Martha Lou Gadsden has been running her pink soul food shack in an industrial area on the north side of Charleston, past the port, for twenty-five years. The restaurant is close to where the new Arthur Ravenel Jr. Bridge empties into Charleston. Since Martha Lou is such a big fish lover, there are fish painted on her restaurant.
Hand-painted signs advertise Martha Lou’s specialties: fried chicken, pork chops, baked turkey, wings and fish.
Martha Lou’s features five worn booths with gold tablecloths; until fairly recently there were only three tables, but now Martha Lou refrigerates her beverages in the kitchen instead of the dining room.
Martha Lou has great affection for the area, so she had Lowcountry scenes painted on her walls.
Is that Martha Lou fishing on the dock with one of her children, overlooking the old Cooper River Bridge?
Since only a couple other people came into the restaurant, and Martha Lou was cooking alone in the kitchen, I had a chance to chat with her. Always friendly, she was happy to talk. Her grandparents reared Martha Lou, and she learned to cook by watching them in the kitchen. Martha Lou had nine kids, so she had to put her learning to use.
There are breakfast and lunch dishes, but I always order the dinner ($8.50), a choice of meat and a choice of two or three sides. Every day, there is fried chicken, whiting, and pork chops. On Mondays, it’s baked turkey wings. Tuesdays: mystery meat. Wednesdays: beef stew and chitterlings. Thursdays: baked chicken. Fridays: barbecued ribs.
I ordered the elusive “mystery meat,” aka meatloaf. I’d never managed to time my visits right, or Martha Lou had always sold out. I also packed my Styrofoam platter with fried shrimp, mac & cheese and lima beans. Considering the meatloaf didn’t feature gravy or tomato sauce, it was awfully luscious, with a salty browned crust. Martha Lou cooks lima beans cooked with smoked pork. She said you can’t get the same flavor from regular pork.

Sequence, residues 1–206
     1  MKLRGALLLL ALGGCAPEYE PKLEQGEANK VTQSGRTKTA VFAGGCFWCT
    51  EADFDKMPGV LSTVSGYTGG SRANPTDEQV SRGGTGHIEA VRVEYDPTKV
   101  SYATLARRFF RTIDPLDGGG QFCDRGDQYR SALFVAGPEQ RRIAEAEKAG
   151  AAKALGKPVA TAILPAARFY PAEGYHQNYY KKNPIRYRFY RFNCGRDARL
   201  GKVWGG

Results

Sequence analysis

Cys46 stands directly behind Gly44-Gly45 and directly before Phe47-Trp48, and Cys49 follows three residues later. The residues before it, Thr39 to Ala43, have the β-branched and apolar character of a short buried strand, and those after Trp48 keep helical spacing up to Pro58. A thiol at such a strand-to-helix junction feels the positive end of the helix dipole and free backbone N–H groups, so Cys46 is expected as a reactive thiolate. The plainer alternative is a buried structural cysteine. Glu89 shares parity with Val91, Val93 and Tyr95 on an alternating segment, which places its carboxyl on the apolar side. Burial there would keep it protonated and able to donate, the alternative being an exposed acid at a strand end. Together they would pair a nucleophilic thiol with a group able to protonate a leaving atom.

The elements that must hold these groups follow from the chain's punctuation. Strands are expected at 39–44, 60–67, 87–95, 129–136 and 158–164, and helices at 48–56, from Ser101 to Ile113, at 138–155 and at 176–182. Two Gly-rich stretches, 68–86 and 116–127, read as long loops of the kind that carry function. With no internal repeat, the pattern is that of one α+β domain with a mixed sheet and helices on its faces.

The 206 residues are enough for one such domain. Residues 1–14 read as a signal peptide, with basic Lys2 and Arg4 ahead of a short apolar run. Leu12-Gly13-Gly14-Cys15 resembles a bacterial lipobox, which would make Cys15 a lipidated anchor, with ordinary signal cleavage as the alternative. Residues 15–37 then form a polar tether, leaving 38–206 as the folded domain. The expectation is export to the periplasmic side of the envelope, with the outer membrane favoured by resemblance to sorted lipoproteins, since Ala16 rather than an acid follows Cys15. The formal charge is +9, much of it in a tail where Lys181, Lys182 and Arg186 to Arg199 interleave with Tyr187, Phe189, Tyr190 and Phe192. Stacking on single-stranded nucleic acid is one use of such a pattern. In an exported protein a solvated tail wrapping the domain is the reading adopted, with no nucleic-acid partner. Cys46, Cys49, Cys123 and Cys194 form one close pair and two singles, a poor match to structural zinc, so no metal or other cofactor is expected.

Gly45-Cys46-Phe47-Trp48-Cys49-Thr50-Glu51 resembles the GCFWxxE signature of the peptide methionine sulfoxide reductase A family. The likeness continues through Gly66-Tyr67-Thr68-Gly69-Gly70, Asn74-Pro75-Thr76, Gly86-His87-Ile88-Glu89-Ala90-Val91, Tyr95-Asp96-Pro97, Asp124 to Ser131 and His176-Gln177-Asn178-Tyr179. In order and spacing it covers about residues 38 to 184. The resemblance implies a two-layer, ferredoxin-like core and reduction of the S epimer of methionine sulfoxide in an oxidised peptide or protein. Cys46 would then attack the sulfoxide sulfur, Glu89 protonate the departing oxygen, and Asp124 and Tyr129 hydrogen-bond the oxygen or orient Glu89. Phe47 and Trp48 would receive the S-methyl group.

The “side” of fried-to-order shrimp ($6) sported crisp sheathes of batter, so as not to interfere with the sweetness of the local crustaceans.
I ordered a square of light poundcake-like cornbread.
This square of bread pudding ($0.80) was dense but flavorful, accented with raisins and canned fruits like peaches, pears and pineapple.
When I was paying, one of Martha Lou’s daughters came in to pick up food and Martha Lou repeated my order; she and Martha Lou were amazed at how much I consumed. So was I, but everything was so good, I couldn’t stop eating. Amazingly, for all that food, Martha Lou only charged me $13.75.